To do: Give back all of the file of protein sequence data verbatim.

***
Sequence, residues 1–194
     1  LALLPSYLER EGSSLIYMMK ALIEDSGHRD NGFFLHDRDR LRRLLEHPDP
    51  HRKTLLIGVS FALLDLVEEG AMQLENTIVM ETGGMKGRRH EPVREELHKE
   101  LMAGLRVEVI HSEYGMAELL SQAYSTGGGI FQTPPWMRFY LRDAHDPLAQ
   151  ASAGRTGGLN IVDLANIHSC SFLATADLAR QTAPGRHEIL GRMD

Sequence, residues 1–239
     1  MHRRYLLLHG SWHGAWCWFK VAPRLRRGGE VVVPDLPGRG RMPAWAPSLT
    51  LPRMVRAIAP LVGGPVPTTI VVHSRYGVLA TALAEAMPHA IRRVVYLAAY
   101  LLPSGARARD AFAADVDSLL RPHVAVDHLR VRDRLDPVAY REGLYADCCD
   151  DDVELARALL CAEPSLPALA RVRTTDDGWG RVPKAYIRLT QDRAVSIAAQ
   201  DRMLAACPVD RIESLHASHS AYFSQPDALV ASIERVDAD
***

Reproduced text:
Sequence, residues 1–194
     1  LALLPSYLER EGSSLIYMMK ALIEDSGHRD NGFFLHDRDR LRRLLEHPDP
    51  HRKTLLIGVS FALLDLVEEG AMQLENTIVM ETGGMKGRRH EPVREELHKE
   101  LMAGLRVEVI HSEYGMAELL SQAYSTGGGI FQTPPWMRFY LRDAHDPLAQ
   151  ASAGRTGGLN IVDLANIHSC SFLATADLAR QTAPGRHEIL GRMD

Sequence, residues 1–239
     1  MHRRYLLLHG SWHGAWCWFK VAPRLRRGGE VVVPDLPGRG RMPAWAPSLT
    51  LPRMVRAIAP LVGGPVPTTI VVHSRYGVLA TALAEAMPHA IRRVVYLAAY
   101  LLPSGARARD AFAADVDSLL RPHVAVDHLR VRDRLDPVAY REGLYADCCD
   151  DDVELARALL CAEPSLPALA RVRTTDDGWG RVPKAYIRLT QDRAVSIAAQ
   201  DRMLAACPVD RIESLHASHS AYFSQPDALV ASIERVDAD